The Richmond Register reported earlier this month that a man hoping to avoid arrest on outstanding warrants told police he was someone named “Steven Clemmons,” only to learn that there was also a warrant out for Steven Clemmons. Officers then arrested “Steven Clemmons” on the Steven Clemmons warrant.
On the way to jail, “Steven Clemmons” reportedly “took a deep breath and told the arresting deputy that ‘he was going to shoot him straight'”—which seems like a really bad way to tell a police officer you’re about to tell him the truth. May I suggest you either try “I’ll be honest” or make absolutely sure you clearly enunciate the last word of that phrase? Anyway, having chosen to speak, “Steven Clemmons” advised the deputy that his name was in fact “Adam Castle,” and that he, Adam Castle, was himself wanted pursuant to warrants for a variety of offenses. This identity checked out, and Castle was then re-arrested as himself and charged with not only those earlier offenses but also a couple more related to his wildly unsuccessful attempt to use a false identity.
The report doesn’t include any information as to why Castle chose “Steven Clemmons” as the name to give police. It’s not a particularly common name, so if he just made it up randomly, the odds that there would be a warrant out for that person seem pretty low. If he was using the name of someone he knows, he needs to try to pose as a better class of person.
Sadly, the report also didn’t say what the real Steven Clemmons was charged with. It’s funnier if someone gives a fake name trying to get out of some minor offense, only to find that the person he’s claiming to be is wanted for something far more heinous. But I can’t say whether that happened here. (As it happens, I found a 2019 report that a “Steven Clemmons” had been arrested in Virginia not too far from where the incident above took place, on charges that included kidnapping and battery of a family member. I have no idea if this is the same person now wanted on other charges, but given the way he’s smirking in his mugshot it wouldn’t surprise me.)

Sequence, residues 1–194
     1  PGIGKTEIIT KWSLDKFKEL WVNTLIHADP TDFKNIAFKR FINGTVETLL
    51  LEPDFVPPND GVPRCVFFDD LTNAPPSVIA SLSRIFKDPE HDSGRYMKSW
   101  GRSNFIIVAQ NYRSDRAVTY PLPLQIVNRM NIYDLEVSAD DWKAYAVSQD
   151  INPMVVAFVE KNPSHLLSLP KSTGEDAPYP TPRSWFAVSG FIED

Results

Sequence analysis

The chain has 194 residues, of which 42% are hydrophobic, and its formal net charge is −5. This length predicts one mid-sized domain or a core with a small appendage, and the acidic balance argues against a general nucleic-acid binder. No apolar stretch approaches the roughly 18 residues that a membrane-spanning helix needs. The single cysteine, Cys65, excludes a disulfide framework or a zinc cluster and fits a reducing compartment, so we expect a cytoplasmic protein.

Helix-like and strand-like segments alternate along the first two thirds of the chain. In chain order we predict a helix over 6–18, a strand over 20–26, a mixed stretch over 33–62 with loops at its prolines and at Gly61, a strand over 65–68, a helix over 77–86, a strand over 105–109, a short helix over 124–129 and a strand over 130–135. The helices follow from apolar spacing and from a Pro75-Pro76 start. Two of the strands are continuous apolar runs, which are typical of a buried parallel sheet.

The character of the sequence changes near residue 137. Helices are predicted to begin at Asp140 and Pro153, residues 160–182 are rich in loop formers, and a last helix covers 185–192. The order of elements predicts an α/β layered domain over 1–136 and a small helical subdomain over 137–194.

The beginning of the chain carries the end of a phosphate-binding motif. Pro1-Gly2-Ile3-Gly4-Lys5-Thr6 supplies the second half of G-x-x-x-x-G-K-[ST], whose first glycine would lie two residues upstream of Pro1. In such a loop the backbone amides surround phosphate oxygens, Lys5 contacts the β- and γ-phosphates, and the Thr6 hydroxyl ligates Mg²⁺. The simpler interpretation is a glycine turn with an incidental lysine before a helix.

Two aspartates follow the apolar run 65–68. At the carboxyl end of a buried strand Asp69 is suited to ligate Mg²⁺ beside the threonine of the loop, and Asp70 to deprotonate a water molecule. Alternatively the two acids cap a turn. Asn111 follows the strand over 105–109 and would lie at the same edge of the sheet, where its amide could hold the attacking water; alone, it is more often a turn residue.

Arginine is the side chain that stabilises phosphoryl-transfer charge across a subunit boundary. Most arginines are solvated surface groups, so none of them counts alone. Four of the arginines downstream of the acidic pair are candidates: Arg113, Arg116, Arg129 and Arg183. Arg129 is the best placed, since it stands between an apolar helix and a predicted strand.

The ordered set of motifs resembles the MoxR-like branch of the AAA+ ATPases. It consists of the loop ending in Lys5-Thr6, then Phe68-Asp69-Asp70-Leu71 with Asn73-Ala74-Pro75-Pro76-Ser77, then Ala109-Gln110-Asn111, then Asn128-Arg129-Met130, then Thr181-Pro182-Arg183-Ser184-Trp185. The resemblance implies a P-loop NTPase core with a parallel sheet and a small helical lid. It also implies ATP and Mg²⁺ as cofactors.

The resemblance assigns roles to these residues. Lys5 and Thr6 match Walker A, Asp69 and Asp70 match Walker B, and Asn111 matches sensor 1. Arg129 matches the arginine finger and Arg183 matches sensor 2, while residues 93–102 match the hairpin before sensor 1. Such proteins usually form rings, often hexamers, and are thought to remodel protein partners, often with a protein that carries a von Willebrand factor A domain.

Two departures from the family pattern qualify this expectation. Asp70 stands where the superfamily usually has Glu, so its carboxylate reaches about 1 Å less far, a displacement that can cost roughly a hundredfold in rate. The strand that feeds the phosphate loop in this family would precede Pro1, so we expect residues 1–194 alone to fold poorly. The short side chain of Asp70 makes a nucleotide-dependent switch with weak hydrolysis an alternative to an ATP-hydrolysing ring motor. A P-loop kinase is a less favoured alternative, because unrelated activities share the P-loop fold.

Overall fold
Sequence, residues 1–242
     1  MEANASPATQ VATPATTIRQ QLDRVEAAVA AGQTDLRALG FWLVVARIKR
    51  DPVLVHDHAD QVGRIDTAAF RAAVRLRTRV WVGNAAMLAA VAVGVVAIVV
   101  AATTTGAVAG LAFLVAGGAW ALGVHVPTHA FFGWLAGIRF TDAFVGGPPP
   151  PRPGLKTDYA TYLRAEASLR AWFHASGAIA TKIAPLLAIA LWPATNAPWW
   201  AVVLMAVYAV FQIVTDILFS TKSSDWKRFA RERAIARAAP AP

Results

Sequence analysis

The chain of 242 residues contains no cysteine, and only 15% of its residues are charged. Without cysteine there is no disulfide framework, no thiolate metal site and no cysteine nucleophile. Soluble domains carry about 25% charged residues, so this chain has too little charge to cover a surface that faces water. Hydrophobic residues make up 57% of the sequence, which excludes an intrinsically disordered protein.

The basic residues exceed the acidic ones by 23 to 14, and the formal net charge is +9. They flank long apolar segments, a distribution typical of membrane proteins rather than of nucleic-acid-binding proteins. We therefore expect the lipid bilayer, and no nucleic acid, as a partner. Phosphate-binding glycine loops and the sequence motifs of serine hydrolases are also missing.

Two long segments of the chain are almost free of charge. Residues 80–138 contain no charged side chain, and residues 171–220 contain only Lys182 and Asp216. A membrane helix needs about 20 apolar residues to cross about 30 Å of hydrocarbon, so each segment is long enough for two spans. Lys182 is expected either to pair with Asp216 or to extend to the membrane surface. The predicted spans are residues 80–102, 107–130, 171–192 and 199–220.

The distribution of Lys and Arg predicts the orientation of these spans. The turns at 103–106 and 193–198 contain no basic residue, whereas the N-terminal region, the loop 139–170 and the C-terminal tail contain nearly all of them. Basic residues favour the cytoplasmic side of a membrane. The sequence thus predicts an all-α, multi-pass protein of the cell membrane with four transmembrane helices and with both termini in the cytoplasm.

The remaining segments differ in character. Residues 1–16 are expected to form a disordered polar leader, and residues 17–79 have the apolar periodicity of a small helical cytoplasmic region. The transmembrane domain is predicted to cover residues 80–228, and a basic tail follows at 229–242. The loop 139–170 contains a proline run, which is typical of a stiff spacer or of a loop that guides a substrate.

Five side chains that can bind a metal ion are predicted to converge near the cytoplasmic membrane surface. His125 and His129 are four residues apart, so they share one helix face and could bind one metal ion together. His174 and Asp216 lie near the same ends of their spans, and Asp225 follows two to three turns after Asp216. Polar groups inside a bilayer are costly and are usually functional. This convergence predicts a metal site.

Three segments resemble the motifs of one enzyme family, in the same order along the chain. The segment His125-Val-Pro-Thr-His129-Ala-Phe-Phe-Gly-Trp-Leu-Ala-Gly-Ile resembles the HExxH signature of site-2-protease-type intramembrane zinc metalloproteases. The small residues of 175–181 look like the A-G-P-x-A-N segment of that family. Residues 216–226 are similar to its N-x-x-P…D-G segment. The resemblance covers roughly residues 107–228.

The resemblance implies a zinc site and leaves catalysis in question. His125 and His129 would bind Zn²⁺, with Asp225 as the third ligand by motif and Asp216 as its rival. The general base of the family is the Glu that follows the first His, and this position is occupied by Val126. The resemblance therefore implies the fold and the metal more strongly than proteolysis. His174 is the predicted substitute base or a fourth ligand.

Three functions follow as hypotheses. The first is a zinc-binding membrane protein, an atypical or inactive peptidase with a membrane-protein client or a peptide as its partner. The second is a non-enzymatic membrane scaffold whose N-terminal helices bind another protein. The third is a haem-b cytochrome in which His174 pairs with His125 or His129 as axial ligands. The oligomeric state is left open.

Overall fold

I also have here the somewhat related story of an Illinois man who gave police a fake name in 2019 only to have them question why he had a different name (“Matty B”) boldly and very visibly tattooed on the front of his neck. Did he just really like someone named “Matty B,” or might that correspond to his actual identity, which he had withheld from police? Yes, it was the latter. And that made me think of the somewhat less related story of the gang member who was arrested for murder after a detective saw his mugshot for another crime and noticed he had a remarkably accurate depiction of the scene of a then-unsolved murder tattooed on his chest. So that’s another thing you should not do if trying to avoid responsibility for something.